Recent research conducted by IE University has shown that local CSR actions improve brand perception by more than 53%, while actions related to the organization’s core business increase perception by just 33.2%. And it isn’t just millennials — research conducted by my company has indicated that even longtime employees have begun to display increased interest in CSR and heightened engagement. Encouraging diversity through responsible social action has the ability to produce positive change at every level of the organization.
This Isn’t Just Theory — It’s Been Done
Making improvements to company culture can be a daunting task even at smaller organizations, but we’ve seen evidence that it can be done even at the largest companies in the world. Since CEO Satya Nadella took over, Microsoft has undergone a highly successful — and highly public — organization-wide culture change. (Full disclosure: Microsoft is a frequent collaborator with my company on a number of projects.) Many companies have looked to Microsoft as the premier example of how to implement institutional change on a major scale, and it’s largely due to the fact that Microsoft’s culture shift exemplifies the type of empowerment-driven, top-down strategy I’ve outlined here.
Microsoft recognized that today’s technology lends itself to democratization. Rather than consolidating power with a handful of executives and administrators, Microsoft shifted that power into the hands of smaller teams and even individual users. Nadella built upon this by publicly highlighting the stories and accomplishments of individual Microsoft employees, which not only provided recognition to those employees, but made leadership recognize and appreciate the meaningful contributions being made at every level of the company by individuals with a wide range of backgrounds and experiences.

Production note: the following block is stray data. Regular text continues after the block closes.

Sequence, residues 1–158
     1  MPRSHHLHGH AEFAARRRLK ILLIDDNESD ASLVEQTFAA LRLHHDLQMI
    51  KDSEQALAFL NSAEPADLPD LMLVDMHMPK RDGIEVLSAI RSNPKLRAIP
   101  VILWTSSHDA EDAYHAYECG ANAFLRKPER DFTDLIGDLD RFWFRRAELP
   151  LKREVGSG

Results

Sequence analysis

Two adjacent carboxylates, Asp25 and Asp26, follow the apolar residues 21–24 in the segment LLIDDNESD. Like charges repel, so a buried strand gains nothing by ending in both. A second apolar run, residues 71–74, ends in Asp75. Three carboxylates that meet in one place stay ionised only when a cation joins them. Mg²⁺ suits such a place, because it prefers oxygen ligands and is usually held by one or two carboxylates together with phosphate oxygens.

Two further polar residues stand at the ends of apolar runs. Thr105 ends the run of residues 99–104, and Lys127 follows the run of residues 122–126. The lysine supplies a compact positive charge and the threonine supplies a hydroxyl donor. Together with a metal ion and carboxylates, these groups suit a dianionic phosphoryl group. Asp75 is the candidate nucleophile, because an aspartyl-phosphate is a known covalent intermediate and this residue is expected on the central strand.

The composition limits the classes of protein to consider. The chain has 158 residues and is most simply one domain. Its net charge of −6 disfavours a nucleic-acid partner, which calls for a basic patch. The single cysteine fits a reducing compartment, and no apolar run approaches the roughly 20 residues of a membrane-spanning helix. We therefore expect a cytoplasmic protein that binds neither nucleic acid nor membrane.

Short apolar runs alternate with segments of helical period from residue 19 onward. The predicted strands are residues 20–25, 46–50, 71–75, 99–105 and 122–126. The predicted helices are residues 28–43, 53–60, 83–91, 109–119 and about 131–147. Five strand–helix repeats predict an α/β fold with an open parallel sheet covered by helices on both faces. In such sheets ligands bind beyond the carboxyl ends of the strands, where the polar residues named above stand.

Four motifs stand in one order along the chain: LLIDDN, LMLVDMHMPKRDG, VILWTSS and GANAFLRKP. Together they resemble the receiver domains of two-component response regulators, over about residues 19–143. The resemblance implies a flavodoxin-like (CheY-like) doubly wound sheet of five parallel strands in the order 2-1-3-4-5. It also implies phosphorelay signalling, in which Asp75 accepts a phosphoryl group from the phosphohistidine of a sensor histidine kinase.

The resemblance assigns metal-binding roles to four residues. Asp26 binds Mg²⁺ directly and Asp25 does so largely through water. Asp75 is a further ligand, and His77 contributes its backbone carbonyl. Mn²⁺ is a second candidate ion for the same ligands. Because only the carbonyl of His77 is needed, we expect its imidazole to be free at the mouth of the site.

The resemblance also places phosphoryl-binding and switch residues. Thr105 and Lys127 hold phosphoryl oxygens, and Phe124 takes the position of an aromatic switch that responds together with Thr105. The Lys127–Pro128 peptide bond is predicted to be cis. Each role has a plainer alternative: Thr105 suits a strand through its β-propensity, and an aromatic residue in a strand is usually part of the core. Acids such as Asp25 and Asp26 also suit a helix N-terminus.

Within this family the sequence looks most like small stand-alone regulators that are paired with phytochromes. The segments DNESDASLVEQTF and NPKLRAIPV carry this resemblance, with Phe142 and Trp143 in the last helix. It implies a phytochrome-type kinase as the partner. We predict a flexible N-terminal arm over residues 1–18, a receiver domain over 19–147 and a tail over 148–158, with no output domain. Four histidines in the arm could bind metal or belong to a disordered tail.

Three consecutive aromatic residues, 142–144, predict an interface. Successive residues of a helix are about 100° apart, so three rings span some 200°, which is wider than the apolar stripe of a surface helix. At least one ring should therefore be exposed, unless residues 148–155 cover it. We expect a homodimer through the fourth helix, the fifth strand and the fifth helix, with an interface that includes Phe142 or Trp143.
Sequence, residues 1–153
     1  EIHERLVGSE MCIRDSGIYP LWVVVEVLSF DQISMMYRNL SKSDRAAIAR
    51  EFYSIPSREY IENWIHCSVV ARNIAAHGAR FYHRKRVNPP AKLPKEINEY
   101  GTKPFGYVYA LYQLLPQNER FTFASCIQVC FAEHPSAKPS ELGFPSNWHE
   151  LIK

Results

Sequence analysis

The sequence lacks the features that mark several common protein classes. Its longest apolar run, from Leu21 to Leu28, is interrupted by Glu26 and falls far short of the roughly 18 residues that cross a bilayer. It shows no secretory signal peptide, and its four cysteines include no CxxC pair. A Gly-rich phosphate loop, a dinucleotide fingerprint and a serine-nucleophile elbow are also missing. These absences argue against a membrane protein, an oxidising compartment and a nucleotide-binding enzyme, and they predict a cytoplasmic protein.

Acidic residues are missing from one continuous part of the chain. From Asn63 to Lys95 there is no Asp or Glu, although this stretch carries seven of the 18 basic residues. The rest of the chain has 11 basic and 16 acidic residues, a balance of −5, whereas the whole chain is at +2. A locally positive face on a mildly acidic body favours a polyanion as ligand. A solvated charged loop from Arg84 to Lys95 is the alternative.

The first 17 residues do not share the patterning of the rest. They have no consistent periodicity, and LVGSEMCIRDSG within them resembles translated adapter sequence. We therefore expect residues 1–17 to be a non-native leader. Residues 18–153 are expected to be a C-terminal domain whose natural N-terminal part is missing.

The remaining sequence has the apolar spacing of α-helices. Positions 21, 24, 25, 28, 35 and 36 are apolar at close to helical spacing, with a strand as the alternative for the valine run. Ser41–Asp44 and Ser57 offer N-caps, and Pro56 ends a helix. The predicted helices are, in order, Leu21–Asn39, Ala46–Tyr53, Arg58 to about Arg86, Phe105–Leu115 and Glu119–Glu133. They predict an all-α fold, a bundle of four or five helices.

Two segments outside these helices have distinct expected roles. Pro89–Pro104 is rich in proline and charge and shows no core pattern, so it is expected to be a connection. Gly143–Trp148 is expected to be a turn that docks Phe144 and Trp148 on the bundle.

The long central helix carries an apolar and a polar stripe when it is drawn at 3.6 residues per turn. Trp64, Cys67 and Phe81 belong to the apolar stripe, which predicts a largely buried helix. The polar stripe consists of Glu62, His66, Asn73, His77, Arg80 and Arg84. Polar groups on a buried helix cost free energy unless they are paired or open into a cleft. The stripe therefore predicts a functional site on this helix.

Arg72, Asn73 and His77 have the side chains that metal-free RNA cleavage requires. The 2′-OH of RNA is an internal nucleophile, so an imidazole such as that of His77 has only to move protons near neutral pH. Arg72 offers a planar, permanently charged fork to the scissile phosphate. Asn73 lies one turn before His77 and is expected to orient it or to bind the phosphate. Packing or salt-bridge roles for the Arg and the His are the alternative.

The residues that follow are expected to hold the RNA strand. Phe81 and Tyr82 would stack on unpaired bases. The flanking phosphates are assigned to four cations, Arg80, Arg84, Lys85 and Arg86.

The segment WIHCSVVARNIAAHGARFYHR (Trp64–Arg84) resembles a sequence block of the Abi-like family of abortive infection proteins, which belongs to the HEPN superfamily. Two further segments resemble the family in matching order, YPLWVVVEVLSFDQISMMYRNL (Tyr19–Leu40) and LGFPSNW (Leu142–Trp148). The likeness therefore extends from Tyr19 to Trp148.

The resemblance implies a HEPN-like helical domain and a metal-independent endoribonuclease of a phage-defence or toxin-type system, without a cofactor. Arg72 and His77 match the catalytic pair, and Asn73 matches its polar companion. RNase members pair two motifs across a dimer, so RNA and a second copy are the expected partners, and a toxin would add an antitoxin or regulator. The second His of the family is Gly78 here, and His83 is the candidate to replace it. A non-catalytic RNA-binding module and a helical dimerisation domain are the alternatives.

Microsoft is just one example, but the company’s size and high profile make it a good one. If an organization like Microsoft can shift its image to create and sustain a better, more diverse company culture, other organizations have no excuse.
New Voices, New Ideas
Unfortunately, the Covid-19 pandemic has been a major roadblock for many businesses in their path to a more inclusive workforce, with studies showing that women in particular have been hit harder than other demographics. But organizations should not let this stumbling block affect their overall commitment to diversity. Examples like Microsoft have helped to clearly demonstrate that those who elevate new voices and new ideas will be rewarded for it — both in the short term and the long term.
For more information on how you can foster a diverse company culture in your workplace, contact Kanarys.
Originally posted on Forbes